Tony Muiderman, a professor emeritus of business administration at Hope College who led development of the college’s George F. Baker Scholars Program and advised the group for more than three decades, died on Thursday, Nov. 4, 2021. He was 94.

Muiderman, who was living in Eugene, Oregon, in retirement, joined the faculty in 1977 and retired in 2000.  The graduating senior class presented him with the Hope Outstanding Professor Educator (H.O.P.E.) Award in 1986.

His greatest joy as an educator was in his role as mentor and advisor. With great kindness and wisdom, he helped guide thousands of students in their academic, career and life pursuits. He was always a keen listener ready with an encouraging word to help students reach their full potential. His office door was always open, and he was always generous and gracious with his time.

Through his management courses Muiderman emphasized values-based leadership.  He believed business could be a force for good in the world and that the bottom line is not the only metric of success for an organization. He was a strong proponent of liberal arts education and felt it offered students a distinct advantage in terms of bringing a diverse and well-rounded perspective to the business world.

Specializing in business management and entrepreneurship, he became faculty coordinator of the Baker Scholars Program in 1978. Although the program had existed prior to his arrival, he implemented many of the practices that continue to this day, and continued to lead the program and mentor students for several years after retiring. The Baker Scholars Program is a leadership-development program for outstanding upper-level students majoring in economics, business or accounting.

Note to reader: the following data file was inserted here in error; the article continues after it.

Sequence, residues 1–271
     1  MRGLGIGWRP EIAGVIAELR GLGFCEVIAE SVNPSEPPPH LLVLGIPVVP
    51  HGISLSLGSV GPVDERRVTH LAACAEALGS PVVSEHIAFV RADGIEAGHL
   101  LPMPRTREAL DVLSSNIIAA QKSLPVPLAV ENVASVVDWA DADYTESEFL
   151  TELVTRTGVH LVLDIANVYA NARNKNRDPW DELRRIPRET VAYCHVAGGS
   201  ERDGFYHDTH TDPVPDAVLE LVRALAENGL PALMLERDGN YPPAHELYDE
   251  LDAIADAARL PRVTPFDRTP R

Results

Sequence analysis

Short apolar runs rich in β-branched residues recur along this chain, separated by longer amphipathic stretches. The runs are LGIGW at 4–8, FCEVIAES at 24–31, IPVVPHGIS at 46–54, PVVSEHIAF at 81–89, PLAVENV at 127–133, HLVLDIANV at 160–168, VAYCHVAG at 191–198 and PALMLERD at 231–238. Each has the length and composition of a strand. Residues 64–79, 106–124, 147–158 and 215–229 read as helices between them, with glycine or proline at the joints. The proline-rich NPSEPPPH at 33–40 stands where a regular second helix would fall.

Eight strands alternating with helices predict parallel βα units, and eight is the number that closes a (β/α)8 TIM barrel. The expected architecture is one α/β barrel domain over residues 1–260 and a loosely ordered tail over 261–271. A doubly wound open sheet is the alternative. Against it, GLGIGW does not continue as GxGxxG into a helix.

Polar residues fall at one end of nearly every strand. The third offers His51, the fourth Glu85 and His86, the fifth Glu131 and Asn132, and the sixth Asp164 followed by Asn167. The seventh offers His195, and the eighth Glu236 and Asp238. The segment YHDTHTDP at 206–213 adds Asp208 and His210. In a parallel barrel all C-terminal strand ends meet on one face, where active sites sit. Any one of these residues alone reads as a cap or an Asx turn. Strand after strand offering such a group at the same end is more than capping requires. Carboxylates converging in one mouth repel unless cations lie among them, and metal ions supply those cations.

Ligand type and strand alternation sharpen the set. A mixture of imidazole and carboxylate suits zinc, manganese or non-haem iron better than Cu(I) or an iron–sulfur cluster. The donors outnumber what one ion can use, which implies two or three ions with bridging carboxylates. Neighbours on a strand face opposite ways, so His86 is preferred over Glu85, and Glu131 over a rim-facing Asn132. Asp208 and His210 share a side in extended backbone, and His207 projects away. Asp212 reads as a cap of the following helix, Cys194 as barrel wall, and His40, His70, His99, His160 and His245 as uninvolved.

He also served as department chair; developed an “Executive-in-Residence” program for the department; was the college’s faculty liaison to the Philadelphia Urban Semester for more than 20 years; co-led May Terms on Management in the British Economy; was assistant director of the May-June Term Meiji Gakuin-Hope program in 1984; and was a faculty representative to the Board of Trustees.

Muiderman was born in Grand Rapids, Michigan, in 1927, to parents who had emigrated from the Netherlands in 1919.  He spent his first 16 years in Grand Rapids in the Christian school system.

He was a veteran of World War II, joining the U.S. Navy in 1944 at age 17 and stationed in the Pacific Theater.  He was with a unit that serviced naval bases and ships along the Japanese coast after the end of the war, and his experiences included visiting Nagasaki while on shore leave three months after the atomic bomb had been dropped.

After leaving the navy in 1946, he attended Calvin University, from which he earned a bachelor’s degree.  He also completed a B.S.E. at the University of Michigan and an M.B.A. at Grand Valley State University.

He was originally an engineer, but with multiple interests transitioned to a career in business and management. Before going into teaching, he spent 25 years in industry and manufacturing in executive positions including serving as plant manager for the Herman Miller Corporation in Zeeland, Michigan, before going into teaching.  He taught at Grand Rapids Community College and then Grand Valley State University before coming to Hope.

He was preceded in death by a son, Jeff ’83, in 2018. Survivors include his wife, Elly; three children, Kevin ’85 and Amy Herrington ’86 Muiderman, Julie Muiderman ’88 and Cacy Celver, and Erik ’92; a daughter-in-law, Geriann; and grandchildren Jenna and Hayes.

A celebration of life/memorial has not yet been planned, but will likely be held in the spring on a date still to be determined. The family suggest that memorial tributes be sent to the Anthony “Tony” Muiderman Baker Scholars Endowed Fund, 

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